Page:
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Notice

Notice of Intent To Repatriate Cultural Items: Thomas Burke Memorial Washington State Museum, University of Washington, Seattle, WA; Correction

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Information about this document as published in the Federal Register.

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AGENCY:

National Park Service, Interior.

ACTION:

Notice; correction.

Notice is here given in accordance with the Native American Graves Protection and Repatriation Act (NAGPRA), 25 U.S.C. 3003, of the intent to repatriate cultural items in the possession of the Thomas Burke Memorial Washington State Museum (Burke Museum), University of Washington, Seattle, WA, that meet the definition of “unassociated funerary objects” under 25 U.S.C. 3001.

This notice is published as part of the National Park Service's administrative responsibilities under NAGPRA, 25 U.S.C. 3003(d)(3). The determinations in this notice are the sole responsibility of the museum, institution, or Federal agency that has control of the cultural items. The National Park Service is not responsible for the determinations in this notice.

This notice replaces a Notice of Intent To Repatriate Cultural Items previously published in the Federal Register on December 28, 2005, (FR Doc. 05-24509, pages 76865-76866). This notice replacement is necessary, as reevaluation of the collection has resulted in a change in the number and description of the cultural items.

The 13 cultural items are 7 partial beaded necklaces (beads include glass trade beads, shell beads, and copper beads), 1 bracelet fragment, 3 sets of beads (1 of which includes 8 small bone fragments), 1 piece of twine, and 1 petrified twig.

At an unknown date, the 13 cultural items were removed from a small island just upriver from Blalock Island in the lower Columbia River, Benton County, WA, by Mr. John Tomaske, an archeology graduate student of the University of Washington. In 1960, the cultural items were donated to the University of Washington Department of Anthropology, and subsequently transferred to the Burke Museum and accessioned in 1973 (Burke Accn. 1973-8). Accession information indicated the presence of burials at the site. According to Mr. Tomaske, the burials had previously been disturbed and exhibited evidence of cremation. The human remains are not in the possession of the Burke Museum.

The small island just upriver from Blalock Island described in museum records could be Cook's Island, which was formerly recorded as containing cremation burials. Archaeological evidence for Cook's Island supports the presence of cremation burials. Cremation and burial on islands in the Columbia River were customary practices of the Umatilla. It was also the practice of the Umatilla that individuals were buried with many of their personal belongings. The area surrounding Blalock Island was heavily utilized by the Umatilla, including ama'amapa, which served as a habitation area, burial site, and stronghold from enemies. On Blalock Island, and along the Washington side of the Columbia River, the Umatilla had a permanent camp, Yep-po-luc-sha (or Yep-po-kuc-sha), as well as a fishing area.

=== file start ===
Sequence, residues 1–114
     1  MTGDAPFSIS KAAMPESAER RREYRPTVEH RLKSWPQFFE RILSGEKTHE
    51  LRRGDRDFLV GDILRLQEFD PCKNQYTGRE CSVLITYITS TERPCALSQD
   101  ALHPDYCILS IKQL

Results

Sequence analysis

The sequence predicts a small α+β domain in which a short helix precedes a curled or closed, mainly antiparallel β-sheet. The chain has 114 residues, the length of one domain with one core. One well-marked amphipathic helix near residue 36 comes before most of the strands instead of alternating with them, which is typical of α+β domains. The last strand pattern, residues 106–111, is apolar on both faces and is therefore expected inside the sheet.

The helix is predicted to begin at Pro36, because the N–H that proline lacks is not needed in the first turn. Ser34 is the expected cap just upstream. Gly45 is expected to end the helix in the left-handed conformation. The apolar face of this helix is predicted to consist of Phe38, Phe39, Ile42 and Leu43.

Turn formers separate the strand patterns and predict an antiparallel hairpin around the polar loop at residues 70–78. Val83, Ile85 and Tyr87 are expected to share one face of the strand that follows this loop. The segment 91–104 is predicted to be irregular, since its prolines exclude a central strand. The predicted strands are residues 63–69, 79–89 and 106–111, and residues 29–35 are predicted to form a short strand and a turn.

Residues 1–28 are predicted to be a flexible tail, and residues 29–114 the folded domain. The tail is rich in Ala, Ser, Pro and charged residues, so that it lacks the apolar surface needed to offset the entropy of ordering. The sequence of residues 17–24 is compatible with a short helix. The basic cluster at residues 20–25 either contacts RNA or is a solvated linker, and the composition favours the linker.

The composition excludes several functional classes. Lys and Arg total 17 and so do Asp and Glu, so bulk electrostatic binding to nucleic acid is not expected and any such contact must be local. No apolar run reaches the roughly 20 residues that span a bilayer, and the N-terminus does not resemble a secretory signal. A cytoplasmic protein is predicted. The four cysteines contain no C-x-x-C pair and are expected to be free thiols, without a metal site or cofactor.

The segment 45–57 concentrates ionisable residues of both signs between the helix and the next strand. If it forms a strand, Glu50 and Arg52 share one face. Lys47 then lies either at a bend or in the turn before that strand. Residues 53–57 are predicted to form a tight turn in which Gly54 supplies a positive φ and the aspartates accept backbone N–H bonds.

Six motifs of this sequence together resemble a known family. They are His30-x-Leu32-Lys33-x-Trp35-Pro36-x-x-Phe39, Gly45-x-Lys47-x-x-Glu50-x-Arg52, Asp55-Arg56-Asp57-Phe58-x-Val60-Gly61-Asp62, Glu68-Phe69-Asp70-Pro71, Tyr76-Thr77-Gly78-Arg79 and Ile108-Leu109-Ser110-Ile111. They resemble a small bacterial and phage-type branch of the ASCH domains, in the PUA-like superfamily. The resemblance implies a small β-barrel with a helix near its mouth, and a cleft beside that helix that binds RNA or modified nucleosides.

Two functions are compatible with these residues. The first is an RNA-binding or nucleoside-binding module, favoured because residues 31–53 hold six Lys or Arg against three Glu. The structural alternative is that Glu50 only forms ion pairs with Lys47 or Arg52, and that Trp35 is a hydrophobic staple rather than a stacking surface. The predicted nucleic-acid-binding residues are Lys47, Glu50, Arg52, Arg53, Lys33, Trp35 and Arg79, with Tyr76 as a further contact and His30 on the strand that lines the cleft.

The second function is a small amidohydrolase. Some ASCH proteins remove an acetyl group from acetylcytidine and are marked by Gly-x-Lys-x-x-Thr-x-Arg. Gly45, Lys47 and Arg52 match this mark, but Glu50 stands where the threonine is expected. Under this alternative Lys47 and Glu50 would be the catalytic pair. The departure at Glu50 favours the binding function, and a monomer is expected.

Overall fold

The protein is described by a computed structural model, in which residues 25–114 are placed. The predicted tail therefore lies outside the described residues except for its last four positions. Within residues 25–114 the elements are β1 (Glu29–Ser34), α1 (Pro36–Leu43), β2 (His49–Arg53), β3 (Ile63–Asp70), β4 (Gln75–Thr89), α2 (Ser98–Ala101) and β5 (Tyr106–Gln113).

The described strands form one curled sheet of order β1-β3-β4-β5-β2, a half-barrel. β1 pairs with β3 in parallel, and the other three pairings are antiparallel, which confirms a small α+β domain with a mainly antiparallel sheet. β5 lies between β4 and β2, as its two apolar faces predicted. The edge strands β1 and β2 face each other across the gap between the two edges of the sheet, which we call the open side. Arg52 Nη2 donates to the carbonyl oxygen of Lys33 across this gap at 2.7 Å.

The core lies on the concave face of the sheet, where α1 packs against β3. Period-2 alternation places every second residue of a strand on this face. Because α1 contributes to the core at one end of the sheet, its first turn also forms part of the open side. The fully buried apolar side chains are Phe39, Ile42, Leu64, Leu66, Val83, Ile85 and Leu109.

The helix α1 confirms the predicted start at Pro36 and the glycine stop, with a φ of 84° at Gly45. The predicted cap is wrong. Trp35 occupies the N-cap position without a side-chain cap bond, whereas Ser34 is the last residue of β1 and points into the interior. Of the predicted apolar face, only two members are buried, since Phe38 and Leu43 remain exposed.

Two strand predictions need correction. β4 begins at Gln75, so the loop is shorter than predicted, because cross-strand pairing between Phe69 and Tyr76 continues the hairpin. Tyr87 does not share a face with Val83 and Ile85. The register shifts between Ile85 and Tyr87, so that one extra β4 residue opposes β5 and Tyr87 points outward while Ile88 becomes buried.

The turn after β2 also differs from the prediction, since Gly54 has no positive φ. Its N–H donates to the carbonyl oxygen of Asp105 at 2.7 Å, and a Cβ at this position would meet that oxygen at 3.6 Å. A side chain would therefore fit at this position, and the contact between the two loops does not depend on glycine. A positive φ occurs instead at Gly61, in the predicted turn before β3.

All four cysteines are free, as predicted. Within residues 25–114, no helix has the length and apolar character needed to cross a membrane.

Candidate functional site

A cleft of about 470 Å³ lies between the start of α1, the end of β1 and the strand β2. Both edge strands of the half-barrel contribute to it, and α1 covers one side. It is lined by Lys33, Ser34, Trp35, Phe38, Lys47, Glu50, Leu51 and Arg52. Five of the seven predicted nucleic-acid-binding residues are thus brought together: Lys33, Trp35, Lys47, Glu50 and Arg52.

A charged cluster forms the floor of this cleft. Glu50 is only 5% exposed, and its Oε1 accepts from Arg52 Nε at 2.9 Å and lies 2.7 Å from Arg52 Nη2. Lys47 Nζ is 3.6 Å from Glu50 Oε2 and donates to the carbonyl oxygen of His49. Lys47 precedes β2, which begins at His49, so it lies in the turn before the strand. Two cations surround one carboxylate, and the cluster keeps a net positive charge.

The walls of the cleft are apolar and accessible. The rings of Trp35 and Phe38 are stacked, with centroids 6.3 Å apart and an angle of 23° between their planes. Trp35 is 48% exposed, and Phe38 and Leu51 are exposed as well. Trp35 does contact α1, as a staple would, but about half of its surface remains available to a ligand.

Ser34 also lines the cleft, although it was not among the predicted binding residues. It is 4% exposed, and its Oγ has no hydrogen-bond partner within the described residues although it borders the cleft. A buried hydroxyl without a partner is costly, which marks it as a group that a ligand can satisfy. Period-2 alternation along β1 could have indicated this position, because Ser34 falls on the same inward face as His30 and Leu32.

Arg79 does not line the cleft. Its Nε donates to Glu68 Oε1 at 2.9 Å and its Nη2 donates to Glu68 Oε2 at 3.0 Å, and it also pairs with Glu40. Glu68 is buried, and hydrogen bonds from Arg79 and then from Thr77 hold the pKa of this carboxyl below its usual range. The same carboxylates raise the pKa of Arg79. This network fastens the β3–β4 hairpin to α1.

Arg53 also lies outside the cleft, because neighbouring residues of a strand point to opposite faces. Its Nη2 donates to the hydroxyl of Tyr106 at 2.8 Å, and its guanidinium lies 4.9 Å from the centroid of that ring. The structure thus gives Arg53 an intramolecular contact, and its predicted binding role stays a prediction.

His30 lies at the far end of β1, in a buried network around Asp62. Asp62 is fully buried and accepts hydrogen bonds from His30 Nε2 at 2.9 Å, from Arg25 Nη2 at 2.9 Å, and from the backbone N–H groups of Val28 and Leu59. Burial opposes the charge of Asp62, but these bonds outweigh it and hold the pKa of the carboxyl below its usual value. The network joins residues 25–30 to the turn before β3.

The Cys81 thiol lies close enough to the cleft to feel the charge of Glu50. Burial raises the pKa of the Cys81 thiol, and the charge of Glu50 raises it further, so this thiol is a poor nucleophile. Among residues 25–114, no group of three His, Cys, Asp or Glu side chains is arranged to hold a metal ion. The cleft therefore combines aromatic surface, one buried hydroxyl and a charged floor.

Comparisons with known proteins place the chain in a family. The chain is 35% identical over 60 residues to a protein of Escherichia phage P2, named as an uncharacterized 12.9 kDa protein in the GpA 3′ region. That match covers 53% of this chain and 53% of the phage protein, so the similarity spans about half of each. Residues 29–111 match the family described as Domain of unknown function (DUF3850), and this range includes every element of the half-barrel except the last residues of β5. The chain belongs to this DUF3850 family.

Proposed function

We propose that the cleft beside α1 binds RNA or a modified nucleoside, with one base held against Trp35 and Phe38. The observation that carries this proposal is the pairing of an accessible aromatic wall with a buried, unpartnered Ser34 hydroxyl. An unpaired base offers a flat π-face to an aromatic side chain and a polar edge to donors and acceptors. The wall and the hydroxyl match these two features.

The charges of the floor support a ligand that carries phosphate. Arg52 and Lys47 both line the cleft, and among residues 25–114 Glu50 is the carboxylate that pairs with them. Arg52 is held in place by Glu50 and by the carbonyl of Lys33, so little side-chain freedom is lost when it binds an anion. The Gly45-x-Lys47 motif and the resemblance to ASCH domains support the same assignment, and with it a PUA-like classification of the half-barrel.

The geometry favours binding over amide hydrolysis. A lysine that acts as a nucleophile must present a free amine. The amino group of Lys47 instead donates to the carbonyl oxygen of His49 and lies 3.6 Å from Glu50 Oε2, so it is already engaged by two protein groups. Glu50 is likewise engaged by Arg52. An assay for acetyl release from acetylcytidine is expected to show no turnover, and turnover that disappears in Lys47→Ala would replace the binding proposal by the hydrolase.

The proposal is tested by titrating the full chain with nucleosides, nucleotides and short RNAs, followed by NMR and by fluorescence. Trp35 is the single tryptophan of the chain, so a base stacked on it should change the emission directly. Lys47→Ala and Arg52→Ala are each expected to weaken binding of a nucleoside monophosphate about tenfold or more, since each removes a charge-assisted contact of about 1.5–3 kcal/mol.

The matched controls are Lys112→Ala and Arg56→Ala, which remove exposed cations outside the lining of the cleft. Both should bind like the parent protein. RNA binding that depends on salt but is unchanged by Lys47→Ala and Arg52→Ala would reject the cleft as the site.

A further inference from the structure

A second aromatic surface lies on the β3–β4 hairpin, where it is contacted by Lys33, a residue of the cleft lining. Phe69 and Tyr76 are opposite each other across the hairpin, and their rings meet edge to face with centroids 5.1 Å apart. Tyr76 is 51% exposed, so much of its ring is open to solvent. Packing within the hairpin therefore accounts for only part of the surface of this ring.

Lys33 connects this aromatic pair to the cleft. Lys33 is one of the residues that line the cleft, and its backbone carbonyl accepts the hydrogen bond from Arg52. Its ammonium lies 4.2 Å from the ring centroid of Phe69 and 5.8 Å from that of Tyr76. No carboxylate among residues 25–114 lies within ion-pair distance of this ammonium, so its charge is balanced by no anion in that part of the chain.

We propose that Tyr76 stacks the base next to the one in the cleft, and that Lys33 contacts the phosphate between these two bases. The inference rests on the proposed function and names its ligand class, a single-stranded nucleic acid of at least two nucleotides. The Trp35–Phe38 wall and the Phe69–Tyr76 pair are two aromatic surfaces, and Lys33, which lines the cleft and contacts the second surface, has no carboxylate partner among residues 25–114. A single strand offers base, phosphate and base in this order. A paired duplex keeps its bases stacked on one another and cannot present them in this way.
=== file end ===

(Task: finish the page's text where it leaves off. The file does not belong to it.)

Burial practices and funerary objects described are consistent with historic practices of the present-day Confederated Tribes of the Umatilla Reservation, Oregon. The area surrounding Blalock Island is within the aboriginal territory of the Confederated Tribes of the Umatilla Reservation, Oregon and the land claims boundaries of the Indian Claims Commission decision of 1960.

Officials of the Burke Museum have determined that, pursuant to 25 U.S.C. 3001(3)(B), the 13 cultural items described above are reasonably believed to have been placed with or near individual human remains at the time of death or later as part of the death rite or ceremony and are believed, by a preponderance of the evidence, to have been removed from a specific burial site of a Native American individual. Officials of the Burke Museum also have determined that, pursuant to 25 U.S.C. 3001(2), there is a relationship of shared group identity that can be reasonably traced between funerary objects and the Confederated Tribes of the Umatilla Reservation, Oregon.Start Printed Page 51850

Representatives of any other Indian tribe that believes itself to be culturally affiliated with the unassociated funerary objects should contact Dr. Peter Lape, Burke Museum, University of Washington, Box 353010, Seattle, WA 98195-3010, telephone (206) 685-2282, October 2, 2006. Repatriation of the unassociated funerary objects to the Confederated Tribes of the Umatilla Reservation, Oregon may proceed after that date if no additional claimants come forward.

The Burke Museum is responsible for notifying the Confederated Tribes of the Umatilla Reservation, Oregon that this notice has been published.

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Dated: August 14, 2006.

Sherry Hutt,

Manager, National NAGPRA Program.

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[FR Doc. 06-7278 Filed 8-30-06; 8:45 am]

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